Health Risk Communication from Orange County Department of Health – High-Risk Sports

I hope that this finds you and your family healthy and safe. At the Health Department, the protection of the public’s health is our fundamental goal. Governor Cuomo has announced that schools may allow high-risk sports and recreation activities as of February 1, 2021 if permitted by local health departments. This information is provided to you at this time in order for you to make an informed choice for your child regarding the participation in these activities as you know your child and their circumstances best.

The local impact of the COVID-19 global pandemic as of January 27, 2021 has resulted in 31,137 confirmed cases as well as 674 deaths in Orange County to date. Of those cases, 46% have been in individuals 18-44 years of age, with the second largest number of confirmed cases in the 45-64 age group (32%). The prevalence of COVID-19 in our region is higher than the statewide average. Our County 7- day percent positivity rolling average is 7.9 and we are experiencing 273.3 cases per day on average as of January 27, 2021. The CDC “Indicators and thresholds for risk of introduction and transmission of COVID-19 in schools” is outlined in the document found at
childcare/indicators-thresholds-table.pdf. In addition, we are finding that there are variant strains present in our state. Globally, we are seeing reports of a disproportionate impact of the SARS CoV-2 UK (B.1.1.7) variant in women and children. While Orange County is using every dose of vaccine given to us by the State, we are nowhere near achieving “herd immunity” with the current rate of vaccine allocation.

While children account for 2,165 cases or (6.9%) of the total cases, this virus is completely new and although some symptoms are common among those suffering from the illness, the complete list of symptoms, as well as long term complications remain unknown. In fact, some children seem to be at risk for developing more severe complications from COVID-19, such as multi-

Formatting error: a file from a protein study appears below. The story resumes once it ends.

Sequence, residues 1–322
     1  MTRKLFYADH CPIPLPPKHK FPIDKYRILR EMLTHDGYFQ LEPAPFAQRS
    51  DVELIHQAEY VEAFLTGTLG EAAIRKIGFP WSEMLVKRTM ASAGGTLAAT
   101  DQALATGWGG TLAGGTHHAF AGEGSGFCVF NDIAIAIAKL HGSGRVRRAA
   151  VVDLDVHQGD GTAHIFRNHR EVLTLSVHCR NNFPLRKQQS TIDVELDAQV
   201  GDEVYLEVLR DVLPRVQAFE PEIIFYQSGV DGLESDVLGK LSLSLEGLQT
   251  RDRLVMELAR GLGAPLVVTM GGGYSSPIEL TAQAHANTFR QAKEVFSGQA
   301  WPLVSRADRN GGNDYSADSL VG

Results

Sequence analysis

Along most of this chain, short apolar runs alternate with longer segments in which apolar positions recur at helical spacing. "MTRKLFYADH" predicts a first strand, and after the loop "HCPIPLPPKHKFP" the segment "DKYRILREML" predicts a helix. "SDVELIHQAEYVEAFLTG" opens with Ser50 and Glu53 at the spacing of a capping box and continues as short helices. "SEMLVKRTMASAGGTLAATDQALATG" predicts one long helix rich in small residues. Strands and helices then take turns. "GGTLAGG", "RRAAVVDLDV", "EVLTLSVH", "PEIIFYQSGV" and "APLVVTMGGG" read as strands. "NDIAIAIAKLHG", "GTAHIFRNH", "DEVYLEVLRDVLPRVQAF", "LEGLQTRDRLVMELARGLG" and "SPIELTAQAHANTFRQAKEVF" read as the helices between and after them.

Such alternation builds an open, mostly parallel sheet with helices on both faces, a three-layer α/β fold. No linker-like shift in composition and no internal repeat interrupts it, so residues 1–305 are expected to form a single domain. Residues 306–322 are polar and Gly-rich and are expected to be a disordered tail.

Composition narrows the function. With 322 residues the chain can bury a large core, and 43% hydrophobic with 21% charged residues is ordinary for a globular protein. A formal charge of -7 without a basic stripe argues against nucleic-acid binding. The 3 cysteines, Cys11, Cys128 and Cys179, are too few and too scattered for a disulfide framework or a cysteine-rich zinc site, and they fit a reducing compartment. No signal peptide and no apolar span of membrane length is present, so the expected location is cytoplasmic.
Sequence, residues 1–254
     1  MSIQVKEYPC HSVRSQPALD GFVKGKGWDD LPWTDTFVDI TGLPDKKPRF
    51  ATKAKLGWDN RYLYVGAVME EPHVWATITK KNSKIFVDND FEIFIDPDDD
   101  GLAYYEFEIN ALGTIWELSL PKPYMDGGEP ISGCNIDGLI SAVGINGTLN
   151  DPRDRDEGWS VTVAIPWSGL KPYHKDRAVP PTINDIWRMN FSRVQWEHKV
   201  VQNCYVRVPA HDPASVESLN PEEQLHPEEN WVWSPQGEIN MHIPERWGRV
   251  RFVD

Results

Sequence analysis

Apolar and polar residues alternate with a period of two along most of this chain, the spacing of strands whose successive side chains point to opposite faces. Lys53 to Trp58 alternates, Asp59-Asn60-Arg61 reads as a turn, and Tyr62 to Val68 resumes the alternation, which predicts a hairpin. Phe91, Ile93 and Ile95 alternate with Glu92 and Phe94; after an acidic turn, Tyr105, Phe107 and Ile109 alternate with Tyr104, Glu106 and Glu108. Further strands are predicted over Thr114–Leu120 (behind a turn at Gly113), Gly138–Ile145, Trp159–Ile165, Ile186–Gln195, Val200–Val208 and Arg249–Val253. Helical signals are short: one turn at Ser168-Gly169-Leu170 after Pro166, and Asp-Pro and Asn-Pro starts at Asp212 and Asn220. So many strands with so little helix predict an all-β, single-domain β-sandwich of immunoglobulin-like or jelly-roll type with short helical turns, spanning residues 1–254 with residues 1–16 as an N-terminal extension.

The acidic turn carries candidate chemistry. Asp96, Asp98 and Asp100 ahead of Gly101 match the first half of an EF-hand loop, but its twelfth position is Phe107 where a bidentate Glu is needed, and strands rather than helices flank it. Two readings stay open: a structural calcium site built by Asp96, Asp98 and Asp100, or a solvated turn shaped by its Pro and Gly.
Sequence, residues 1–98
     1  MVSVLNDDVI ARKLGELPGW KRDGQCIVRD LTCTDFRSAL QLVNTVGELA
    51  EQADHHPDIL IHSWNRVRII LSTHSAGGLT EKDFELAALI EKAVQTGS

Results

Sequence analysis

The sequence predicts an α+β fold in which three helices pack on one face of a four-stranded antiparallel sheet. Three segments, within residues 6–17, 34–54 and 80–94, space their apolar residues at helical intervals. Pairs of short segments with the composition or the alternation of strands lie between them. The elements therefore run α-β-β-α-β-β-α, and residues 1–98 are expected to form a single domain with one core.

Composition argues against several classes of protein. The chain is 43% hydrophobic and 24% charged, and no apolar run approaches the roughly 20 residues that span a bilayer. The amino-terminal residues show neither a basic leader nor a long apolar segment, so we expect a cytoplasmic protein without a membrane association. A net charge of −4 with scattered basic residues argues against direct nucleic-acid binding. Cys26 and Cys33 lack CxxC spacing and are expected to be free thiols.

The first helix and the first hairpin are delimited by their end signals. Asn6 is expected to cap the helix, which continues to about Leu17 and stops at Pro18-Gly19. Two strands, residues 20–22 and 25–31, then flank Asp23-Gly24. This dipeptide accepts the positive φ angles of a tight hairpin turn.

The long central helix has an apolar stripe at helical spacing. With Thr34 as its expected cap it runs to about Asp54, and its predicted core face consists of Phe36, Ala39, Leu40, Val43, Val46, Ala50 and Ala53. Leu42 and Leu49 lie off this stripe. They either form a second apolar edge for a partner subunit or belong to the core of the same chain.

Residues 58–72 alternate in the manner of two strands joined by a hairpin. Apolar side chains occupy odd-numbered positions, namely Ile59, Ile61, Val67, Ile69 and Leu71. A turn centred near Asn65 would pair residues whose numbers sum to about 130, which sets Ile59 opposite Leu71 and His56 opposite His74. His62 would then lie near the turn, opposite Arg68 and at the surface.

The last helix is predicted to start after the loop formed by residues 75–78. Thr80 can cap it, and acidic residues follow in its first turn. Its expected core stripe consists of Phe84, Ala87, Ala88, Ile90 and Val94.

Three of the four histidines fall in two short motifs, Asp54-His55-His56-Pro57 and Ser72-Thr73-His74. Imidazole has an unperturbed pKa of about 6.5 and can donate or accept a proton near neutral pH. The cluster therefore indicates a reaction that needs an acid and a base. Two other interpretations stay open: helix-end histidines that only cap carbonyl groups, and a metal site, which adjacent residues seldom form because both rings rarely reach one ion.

system inflammatory syndrome in children (MIS-C), which is of great concern, especially for children who are medically fragile. For more information about MIS-C, please visit the following website: -life-coping/children/mis-
c.html. At present, it cannot be predicted who will become severely ill, although older people and those with underlying health conditions are at higher risk. The long-term effects of SARS-CoV-2 are not known; even people with mild cases may experience long-term complications. Of additional concern is that the American Academy of Pediatrics noted that in the two- week period from 12/31/20-1/14/21, there was an 18% increase in child COVID-19 cases.

Please understand that the State’s decision to permit higher-risk sports and recreation activities does not mean that health risk has been eliminated. In fact, as the recent study by the Journal of the American Medical Association found, while in-school transmission of COVID-19 was not found to be high, the resumption of in-person athletics increased risk, especially wrestling. This
study concluded that, “Even though high school athletics are highly valued by many students and parents, indoor practice or competition and school-related social gatherings with limited adherence to physical distancing and other mitigation strategies could jeopardize the safe operation of in-person education. While there are likely many factors, the pressure to continue
high school athletics during the pandemic might be driven at least in part by scholarship concerns; colleges and universities recruiting athletes for the 2021/2022 academic year should consider approaches that do not penalize students for interruptions to high school sports related to the pandemic to avoid incentivizing activities posing high risk for SARS-CoV-2 infection.”